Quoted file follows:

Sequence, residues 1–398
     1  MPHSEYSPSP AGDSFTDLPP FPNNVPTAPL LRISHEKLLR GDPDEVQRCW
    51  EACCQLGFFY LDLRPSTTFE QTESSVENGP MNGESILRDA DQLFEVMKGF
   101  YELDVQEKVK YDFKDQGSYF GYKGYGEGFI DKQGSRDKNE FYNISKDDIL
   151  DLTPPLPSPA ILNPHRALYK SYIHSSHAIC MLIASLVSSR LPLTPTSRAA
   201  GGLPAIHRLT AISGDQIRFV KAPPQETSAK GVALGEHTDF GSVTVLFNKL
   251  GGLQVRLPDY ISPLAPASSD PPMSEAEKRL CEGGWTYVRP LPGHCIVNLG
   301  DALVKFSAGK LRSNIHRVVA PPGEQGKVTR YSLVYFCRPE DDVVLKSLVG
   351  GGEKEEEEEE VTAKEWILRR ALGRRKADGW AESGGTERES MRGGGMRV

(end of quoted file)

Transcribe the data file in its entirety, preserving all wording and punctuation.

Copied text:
Sequence, residues 1–398
     1  MPHSEYSPSP AGDSFTDLPP FPNNVPTAPL LRISHEKLLR GDPDEVQRCW
    51  EACCQLGFFY LDLRPSTTFE QTESSVENGP MNGESILRDA DQLFEVMKGF
   101  YELDVQEKVK YDFKDQGSYF GYKGYGEGFI DKQGSRDKNE FYNISKDDIL
   151  DLTPPLPSPA ILNPHRALYK SYIHSSHAIC MLIASLVSSR LPLTPTSRAA
   201  GGLPAIHRLT AISGDQIRFV KAPPQETSAK GVALGEHTDF GSVTVLFNKL
   251  GGLQVRLPDY ISPLAPASSD PPMSEAEKRL CEGGWTYVRP LPGHCIVNLG
   301  DALVKFSAGK LRSNIHRVVA PPGEQGKVTR YSLVYFCRPE DDVVLKSLVG
   351  GGEKEEEEEE VTAKEWILRR ALGRRKADGW AESGGTERES MRGGGMRV